It looks like you're using an Ad Blocker.
Please white-list or disable AboveTopSecret.com in your ad-blocking tool.
Some features of ATS will be disabled while you continue to use an ad-blocker.
3. Kryptos is a sculpture by the American artist James Sanborn, located on the grounds of the Central Intelligence Agency in Langley, Virginia. Since its dedication in 1990, there has been much speculation about the meaning of the encrypted messages it bears.
4. Chinese Gold Bar Cipher. In 1933, seven gold bars allegedly issued to a General Wang in Shanghai, China. These gold bars, which contain pictures, Chinese writing, some form of script writing, and cryptograms in Latin letters, appear to represent metal certificates related to a bank deposit with a U.S. Bank and the Chinese writing has been translated, and discusses a transaction in excess of $300,000,000.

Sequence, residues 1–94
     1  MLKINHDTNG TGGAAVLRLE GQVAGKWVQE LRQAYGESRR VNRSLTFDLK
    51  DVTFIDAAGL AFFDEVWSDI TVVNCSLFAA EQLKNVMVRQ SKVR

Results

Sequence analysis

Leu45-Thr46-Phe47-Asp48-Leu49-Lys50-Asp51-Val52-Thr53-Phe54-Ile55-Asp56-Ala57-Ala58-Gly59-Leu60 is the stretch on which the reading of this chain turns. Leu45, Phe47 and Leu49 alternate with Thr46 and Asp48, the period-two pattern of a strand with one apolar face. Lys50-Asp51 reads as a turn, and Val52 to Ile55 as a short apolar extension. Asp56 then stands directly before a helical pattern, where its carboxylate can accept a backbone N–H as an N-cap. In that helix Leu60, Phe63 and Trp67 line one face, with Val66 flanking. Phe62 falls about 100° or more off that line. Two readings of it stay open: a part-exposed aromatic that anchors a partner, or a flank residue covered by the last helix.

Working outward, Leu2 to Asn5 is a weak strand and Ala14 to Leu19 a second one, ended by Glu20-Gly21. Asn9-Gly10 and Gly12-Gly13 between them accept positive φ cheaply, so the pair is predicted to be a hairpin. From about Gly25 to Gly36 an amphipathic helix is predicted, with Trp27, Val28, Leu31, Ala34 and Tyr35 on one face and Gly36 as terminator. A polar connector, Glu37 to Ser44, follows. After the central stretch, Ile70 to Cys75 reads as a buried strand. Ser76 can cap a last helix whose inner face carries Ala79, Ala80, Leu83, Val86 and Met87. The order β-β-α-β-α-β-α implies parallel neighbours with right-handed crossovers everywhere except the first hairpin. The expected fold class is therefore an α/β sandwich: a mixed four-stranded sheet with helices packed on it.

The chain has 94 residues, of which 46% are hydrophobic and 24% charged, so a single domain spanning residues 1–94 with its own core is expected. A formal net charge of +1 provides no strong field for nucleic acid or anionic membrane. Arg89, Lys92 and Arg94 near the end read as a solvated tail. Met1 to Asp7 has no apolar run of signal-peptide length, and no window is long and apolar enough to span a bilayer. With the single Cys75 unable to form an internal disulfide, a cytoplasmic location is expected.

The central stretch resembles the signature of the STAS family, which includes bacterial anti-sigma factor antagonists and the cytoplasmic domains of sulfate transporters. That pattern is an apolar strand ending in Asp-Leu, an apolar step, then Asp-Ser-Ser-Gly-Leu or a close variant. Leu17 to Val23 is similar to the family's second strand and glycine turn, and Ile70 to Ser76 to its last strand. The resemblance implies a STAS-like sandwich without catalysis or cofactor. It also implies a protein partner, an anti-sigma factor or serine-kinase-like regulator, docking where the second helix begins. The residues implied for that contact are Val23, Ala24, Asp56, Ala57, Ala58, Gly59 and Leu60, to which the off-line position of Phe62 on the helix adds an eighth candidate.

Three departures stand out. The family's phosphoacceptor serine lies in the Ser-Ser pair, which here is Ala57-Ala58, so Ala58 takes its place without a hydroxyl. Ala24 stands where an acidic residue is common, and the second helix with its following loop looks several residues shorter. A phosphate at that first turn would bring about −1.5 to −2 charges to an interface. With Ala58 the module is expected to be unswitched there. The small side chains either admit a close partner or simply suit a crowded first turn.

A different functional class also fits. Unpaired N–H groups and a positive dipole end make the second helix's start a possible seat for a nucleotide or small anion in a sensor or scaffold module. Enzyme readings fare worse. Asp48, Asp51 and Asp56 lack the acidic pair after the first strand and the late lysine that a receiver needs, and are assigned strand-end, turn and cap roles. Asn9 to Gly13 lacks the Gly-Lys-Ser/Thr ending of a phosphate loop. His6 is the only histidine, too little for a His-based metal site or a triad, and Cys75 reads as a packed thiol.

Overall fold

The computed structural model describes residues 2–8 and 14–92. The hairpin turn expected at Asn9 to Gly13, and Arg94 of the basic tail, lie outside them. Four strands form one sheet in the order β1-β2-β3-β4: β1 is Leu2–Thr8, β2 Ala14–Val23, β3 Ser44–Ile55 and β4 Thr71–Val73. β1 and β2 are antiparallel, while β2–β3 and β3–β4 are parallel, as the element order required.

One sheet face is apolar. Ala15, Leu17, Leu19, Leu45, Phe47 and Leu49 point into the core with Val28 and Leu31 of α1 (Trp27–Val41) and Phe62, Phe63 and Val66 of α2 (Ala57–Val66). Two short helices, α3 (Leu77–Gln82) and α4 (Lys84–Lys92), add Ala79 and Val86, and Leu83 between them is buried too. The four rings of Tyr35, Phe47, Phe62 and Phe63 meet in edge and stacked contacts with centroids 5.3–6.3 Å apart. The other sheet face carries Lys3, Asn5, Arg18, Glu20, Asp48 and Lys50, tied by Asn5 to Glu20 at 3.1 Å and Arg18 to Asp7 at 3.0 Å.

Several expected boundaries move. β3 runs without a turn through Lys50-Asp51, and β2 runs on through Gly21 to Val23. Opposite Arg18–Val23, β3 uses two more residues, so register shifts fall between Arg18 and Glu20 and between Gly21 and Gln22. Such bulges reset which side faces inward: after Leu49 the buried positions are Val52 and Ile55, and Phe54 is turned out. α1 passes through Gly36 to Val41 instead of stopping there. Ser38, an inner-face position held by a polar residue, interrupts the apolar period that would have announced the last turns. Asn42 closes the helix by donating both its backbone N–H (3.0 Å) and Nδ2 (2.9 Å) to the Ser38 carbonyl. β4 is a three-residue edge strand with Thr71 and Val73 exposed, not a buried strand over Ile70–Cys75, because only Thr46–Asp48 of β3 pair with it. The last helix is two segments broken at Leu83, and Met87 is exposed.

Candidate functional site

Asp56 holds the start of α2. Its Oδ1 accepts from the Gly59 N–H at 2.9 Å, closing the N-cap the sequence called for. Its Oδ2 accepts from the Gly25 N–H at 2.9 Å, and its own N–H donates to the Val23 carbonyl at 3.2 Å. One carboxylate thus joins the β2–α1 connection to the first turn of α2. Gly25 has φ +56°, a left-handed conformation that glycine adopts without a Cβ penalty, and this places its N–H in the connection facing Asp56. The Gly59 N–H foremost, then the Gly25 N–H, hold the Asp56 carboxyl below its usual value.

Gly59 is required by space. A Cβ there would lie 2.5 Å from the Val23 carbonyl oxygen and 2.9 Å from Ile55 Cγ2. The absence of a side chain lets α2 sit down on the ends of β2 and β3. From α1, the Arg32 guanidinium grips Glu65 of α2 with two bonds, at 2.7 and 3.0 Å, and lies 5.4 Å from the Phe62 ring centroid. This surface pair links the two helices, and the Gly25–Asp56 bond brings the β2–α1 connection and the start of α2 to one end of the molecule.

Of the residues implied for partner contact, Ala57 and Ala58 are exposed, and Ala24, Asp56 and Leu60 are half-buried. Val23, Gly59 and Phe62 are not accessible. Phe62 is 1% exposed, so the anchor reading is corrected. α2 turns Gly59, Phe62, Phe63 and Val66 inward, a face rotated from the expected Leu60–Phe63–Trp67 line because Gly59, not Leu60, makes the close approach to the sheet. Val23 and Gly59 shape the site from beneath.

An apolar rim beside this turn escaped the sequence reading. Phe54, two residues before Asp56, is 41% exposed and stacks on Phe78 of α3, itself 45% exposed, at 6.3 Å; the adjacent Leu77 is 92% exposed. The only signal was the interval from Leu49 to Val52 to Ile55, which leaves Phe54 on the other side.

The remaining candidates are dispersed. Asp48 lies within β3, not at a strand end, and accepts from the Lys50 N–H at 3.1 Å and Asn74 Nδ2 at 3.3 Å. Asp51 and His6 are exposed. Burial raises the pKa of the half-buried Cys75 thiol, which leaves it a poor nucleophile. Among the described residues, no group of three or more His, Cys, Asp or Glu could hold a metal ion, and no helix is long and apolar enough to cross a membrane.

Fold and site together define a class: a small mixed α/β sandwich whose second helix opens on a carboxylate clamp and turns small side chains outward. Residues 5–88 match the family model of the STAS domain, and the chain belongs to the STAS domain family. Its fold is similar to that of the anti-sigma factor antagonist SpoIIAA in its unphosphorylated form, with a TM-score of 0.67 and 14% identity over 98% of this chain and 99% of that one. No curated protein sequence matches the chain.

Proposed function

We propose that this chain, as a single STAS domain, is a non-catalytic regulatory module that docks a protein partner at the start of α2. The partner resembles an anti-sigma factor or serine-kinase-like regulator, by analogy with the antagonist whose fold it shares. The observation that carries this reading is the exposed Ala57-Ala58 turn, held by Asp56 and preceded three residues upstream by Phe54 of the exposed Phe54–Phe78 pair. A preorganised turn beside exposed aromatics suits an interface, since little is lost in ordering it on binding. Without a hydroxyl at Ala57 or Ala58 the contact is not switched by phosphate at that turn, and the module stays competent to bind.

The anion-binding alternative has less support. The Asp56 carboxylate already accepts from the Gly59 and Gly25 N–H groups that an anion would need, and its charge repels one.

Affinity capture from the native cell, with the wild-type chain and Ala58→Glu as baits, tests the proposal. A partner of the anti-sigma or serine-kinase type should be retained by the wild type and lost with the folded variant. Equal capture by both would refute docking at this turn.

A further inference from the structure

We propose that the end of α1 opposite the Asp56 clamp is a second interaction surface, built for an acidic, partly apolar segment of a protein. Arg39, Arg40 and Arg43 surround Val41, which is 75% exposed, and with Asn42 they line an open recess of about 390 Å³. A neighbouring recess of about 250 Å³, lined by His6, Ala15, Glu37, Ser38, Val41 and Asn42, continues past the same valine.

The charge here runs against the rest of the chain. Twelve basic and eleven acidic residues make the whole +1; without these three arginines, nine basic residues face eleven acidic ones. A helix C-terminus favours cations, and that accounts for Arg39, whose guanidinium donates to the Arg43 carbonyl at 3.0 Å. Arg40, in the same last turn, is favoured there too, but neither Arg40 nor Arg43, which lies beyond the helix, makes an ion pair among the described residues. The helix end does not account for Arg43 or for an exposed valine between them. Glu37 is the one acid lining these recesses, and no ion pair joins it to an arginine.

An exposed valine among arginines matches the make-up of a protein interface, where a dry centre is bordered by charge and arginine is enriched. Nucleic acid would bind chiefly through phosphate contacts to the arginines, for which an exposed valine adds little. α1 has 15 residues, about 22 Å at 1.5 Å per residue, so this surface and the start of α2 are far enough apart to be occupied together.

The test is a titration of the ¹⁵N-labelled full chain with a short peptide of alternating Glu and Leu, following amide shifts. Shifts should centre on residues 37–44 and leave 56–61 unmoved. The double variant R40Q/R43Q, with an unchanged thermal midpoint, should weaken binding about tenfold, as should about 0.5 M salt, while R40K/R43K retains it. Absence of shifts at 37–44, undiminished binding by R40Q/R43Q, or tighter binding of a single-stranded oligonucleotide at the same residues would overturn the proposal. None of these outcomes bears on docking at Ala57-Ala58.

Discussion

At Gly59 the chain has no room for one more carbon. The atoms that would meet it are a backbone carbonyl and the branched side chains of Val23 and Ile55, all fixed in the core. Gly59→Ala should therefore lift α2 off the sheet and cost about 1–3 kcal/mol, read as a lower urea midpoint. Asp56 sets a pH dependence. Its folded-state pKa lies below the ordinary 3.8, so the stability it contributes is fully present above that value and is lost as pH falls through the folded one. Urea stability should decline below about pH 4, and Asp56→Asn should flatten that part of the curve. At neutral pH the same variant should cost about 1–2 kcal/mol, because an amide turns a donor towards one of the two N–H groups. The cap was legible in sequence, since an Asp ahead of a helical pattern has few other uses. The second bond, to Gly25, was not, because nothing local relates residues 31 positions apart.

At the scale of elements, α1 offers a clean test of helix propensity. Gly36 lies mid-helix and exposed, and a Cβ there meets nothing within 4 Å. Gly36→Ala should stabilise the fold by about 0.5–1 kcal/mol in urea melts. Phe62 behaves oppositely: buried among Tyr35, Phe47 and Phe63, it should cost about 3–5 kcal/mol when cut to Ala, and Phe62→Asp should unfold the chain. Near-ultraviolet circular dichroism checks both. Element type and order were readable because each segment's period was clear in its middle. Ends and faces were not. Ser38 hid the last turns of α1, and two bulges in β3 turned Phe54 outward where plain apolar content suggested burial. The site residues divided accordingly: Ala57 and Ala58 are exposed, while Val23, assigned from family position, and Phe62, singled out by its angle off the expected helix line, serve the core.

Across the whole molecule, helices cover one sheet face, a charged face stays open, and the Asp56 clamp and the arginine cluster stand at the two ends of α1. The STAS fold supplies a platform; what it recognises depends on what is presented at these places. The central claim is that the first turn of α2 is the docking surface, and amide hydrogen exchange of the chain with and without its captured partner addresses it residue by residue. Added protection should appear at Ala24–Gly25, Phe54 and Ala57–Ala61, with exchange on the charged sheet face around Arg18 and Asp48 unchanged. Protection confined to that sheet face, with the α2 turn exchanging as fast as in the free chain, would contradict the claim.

10. Taman Shud. An unidentified male body was found on Somerton Beach in Adelaide, Australia in 1948 wearing a sweater and coat despite the hot day, carrying no identification. There were no clues as to his identity and dental records and fingerprints matched no living person. An autopsy discovered bizarre congestion, blood in the stomach and enlarged organs but no foreign substances. A suitcase found at the train station that may have belonged to the man contained a pair of trousers with a secret hidden pocket, which held a piece of paper torn from a book imprinted with the words “Taman Shud”. The paper was matched to a very rare copy of Omar Khayyam’s ‘The Rubaiyat’ that was found in the backseat of an unlocked vehicle and on the back of the book was scrawled five lines of capital letters that seem to be a code. To this day, the entire case remains one of Australia’s most bizarre mysteries.